In Sgt. Tucker’s case, therapy would help him to unload the Joey experience from the black box. Bringing this to his conscious mind would allow Sgt. Tucker to identify the child in the Steelers jersey as the trigger to the sudden anxiety he felt walking into the store. He would then be able to engage his frontal lobe to tell himself that he is not currently in danger, it’s just that the child triggered the fear he felt when his friend was killed in combat. The psychological fear and biological response is neutralized by knowledge. He could then employ skills, such as relaxation techniques and self-talk, to help himself calm down and enjoy the day with his wife.
Treatment Cautions and Advice
Service members and veterans are often funneled to psychiatry and group therapy treatments by the VA due to staffing shortages. Individual therapy may not be offered, but it is a crucial part of treatment. The best course of action is to begin with individual therapy to determine the breadth and severity of the symptoms. After multiple sessions, the veteran and therapist are better informed as to the need for medication. In my experience, when combat veterans finally muster the courage to seek help, the last thing they want is to be in a room full of other patients. Group therapy is an excellent adjunct to treatment; however, it may be best to wait until after the groundwork has been laid down in individual therapy. In summary, when starting the treatment process, begin with individual therapy. You should use this modality to map further treatment.
A Note to Family
Spouses and family should understand that many of the behaviors observed after combat are products of a deeply ingrained fear-based anxiety. As the symptomatic experiences described above unfold, veterans may begin to struggle with social anxiety, decreased self-confidence, and increased irritability. This is followed by relational conflict and suffering anxiety about anxiety which is followed by feelings of decreased empowerment and impaired ability to emotionally connect to others.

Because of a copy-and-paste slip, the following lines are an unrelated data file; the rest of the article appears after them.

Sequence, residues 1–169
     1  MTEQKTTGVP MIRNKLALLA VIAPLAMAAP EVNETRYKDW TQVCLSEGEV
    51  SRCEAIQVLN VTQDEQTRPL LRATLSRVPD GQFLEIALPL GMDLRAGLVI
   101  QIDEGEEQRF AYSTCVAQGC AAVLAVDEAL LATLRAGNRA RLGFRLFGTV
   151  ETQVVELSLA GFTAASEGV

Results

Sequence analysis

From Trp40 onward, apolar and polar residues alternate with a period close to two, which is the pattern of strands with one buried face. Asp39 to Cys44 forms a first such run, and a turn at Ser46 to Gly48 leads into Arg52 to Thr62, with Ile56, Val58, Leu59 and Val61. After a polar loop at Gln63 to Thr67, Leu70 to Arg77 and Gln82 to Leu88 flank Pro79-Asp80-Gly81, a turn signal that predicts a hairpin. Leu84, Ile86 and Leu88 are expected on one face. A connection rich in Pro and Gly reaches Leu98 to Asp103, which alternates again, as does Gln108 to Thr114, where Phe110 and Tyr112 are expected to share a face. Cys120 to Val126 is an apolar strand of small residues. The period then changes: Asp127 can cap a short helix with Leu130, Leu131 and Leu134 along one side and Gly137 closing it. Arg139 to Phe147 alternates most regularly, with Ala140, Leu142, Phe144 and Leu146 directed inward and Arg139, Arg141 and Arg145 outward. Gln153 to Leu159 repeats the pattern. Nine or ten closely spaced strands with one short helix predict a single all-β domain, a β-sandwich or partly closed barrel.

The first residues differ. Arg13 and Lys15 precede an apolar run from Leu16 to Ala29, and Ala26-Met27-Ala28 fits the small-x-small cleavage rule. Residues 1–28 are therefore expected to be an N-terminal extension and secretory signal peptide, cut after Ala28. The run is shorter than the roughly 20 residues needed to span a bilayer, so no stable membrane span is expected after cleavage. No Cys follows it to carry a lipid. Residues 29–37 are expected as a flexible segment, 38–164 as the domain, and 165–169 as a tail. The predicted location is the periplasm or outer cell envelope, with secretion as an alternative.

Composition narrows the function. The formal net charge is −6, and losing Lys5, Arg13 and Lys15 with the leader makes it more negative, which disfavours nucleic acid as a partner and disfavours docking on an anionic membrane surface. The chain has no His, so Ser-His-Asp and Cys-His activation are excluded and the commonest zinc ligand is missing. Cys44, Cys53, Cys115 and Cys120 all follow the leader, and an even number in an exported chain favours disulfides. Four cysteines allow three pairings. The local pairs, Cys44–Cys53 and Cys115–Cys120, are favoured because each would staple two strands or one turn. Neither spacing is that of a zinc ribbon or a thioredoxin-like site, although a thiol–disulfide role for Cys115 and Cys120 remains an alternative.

Wives/Husbands/Partners and family that offer unconditional love become safe targets for venting. Please do not take these events personally. Another common complaint from spouses/partners I work with is combat veterans’ refusal to discuss combat experiences. They feel like their loved ones are not trusting them with this life experience, and it ushers in feelings of resentment and hurt. The truth is, it can be difficult for combat veterans to begin dialogue about their experiences due to a lack of shared experience and a desire to keep the black box welded shut. Still more, most veterans do not know where or how to begin. A common example I offer to families is as follows: asking veterans to describe their combat experiences and feelings is like asking a mother to describe childbirth to a man. While one mother describing child birth to another mother can be accomplished with a few words and a nod, a man can never really know what that event is like. Bottom line; be patient and rest assure that your spouse/partner is not purposefully withholding or withdrawing.
If you are a combat veteran and in need of immediate help, please call the VA’s Veterans Crisis Line at 1-800-273-8255 and Press 1 for free, confidential support 24 hours a day. Families and loved ones may also call this number.